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Understanding Grant Basics to Strengthen the Narrative


Whew! January was a doozy, amirite?


Personally, the combination of catching up from my holiday break plus onboarding new clients plus starting two teaching cohorts plus prepping for my first webinar was a LOT. On top of all that, I was trying to stay committed to, well, staying committed (see last month’s blog post if that made no sense). Something had to give, and unfortunately, in January, I let my health journey slip (aka no workouts and way too much sugar).

About a week ago, this popped up on my Facebook feed and it was something of an “aha moment”. I was feeling frustrated with my lack of progress on my health goals, but the combination of feeling frustrated and stressed was completely overwhelming and I just stopped moving forward. But when I saw this post, it reminded me that I can still do the small things – or the basics as I think of them – and it’s still progress.


As we are diving into the “New Year, New Narrative” blog series, I think this is a good time to do a little “back to basics” before we move forward with strengthening those grant proposals. Last month we looked at the difference between program and project-based requests. This month we’re going to take it back even further and really solidify our understanding of what the heck a goal, objective and outcome really is to a program and a funder.


In the grant writing classes I teach, this is one of the hardest concepts for students to understand. And I get it. Besides the fact that so many funders interchange the words, we just don’t talk about goals, objectives and outcomes in the programming and grant writing world like we do in the “real world”. So, to help you understand these concepts, I’m going to connect them to a “real world” issue (i.e., my health journey) instead of using a more program-oriented example (i.e., preventing homelessness, eliminating food insecurity, etc.).


What is a goal?


A goal is a broad statement of what you wish to accomplish.


Goals are:

  • Big and broad, even visionary

  • General intention of the program

  • Intangible

  • Abstract

  • Hard to measure

  • Describes the overall purpose of the program or project

A goal is really about the ultimate impact or outcome that you hope to achieve.


Tips for creating goals:

  • Jargon-free

  • Declarative

  • Concise

  • Positive

  • Goal statements are not focused on what will be implemented; rather, they are statements that reflect the results of what will be implemented.

Example: The goal of my health journey is to improve my overall physical and mental health and quality of life.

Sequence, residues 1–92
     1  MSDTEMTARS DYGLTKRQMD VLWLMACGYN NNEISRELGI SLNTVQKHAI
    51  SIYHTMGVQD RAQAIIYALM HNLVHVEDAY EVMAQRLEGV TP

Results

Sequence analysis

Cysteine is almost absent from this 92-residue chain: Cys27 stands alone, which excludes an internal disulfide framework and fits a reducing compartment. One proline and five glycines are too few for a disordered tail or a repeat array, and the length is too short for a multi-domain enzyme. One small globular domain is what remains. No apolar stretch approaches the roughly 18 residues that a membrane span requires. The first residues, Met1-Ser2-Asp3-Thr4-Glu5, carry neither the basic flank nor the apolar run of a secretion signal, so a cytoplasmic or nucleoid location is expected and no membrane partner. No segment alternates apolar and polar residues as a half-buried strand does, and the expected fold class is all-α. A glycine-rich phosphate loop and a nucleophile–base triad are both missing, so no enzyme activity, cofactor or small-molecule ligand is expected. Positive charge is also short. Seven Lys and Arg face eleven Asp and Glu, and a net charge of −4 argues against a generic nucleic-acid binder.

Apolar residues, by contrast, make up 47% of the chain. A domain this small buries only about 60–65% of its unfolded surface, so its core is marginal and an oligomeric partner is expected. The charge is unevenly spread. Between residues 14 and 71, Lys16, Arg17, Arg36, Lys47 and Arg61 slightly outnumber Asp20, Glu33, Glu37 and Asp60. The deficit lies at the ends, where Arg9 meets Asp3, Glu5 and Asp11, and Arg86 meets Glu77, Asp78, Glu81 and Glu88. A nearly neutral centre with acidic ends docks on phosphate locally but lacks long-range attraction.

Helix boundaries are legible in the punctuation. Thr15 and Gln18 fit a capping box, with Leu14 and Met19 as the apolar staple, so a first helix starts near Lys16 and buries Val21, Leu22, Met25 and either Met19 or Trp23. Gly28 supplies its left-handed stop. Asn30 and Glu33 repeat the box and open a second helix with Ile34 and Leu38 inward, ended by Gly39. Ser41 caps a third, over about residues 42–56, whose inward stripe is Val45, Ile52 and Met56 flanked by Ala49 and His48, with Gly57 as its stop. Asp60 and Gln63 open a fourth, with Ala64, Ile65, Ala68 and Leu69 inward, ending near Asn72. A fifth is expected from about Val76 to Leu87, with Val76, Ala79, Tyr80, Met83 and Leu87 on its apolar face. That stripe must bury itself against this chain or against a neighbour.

What is an objective?


A goal is only as good as the objectives that go with it.


The objectives represent the steps toward accomplishing a goal.


Objectives should be:

  • Narrow

  • Precise

  • Tangible

  • Concrete

  • Measurable

Tips for creating objectives:

  • Tie your goals and objectives directly to your needs statement.

  • Include all relevant groups and individuals in your target population.

  • Always allow plenty of time to accomplish the objectives.

  • How will you measure the change projected in each objective? If there is no way to measure it, then it needs to be altered or dropped.

  • Be sure to budget for evaluation (measurement) of your objectives.

  • Aim for a least 2-3 objectives per program (but it’s ok to need more!). Your program may have many steps involved in achieving a particular goal.

Example:

  • Increase movement to at least 30 minutes per day.

  • Increase vegetable intake to at least two servings per day.

  • Provide opportunities for breaks to de-stress throughout the workday.


**Notice that every objective is a step toward improving the quality of my life in the way that is right for me (I am my own target population!).

What is an outcome?


Outcomes are the differences you have made (or expect to make) as a result of the outputs.


Example:

  • I will report an increase in my energy level.

  • I will report an improvement in my quality of sleep.

  • I will report a decrease in my cholesterol level at my next physical.

I hope seeing a “real world” example was helpful. If you would like to see a more program-specific example, feel free to email me at jess@nonprofitjess.com and I would be happy to share one with you.


See you back here on March 1st for the next installment in the “New Year, New Narrative” blog series!!



 

If you need some assistance with your organization's grant program, reach out to me to schedule a FREE 15-minute consultation to start the conversation about your needs and if I might be able to help (either through coaching or writing).



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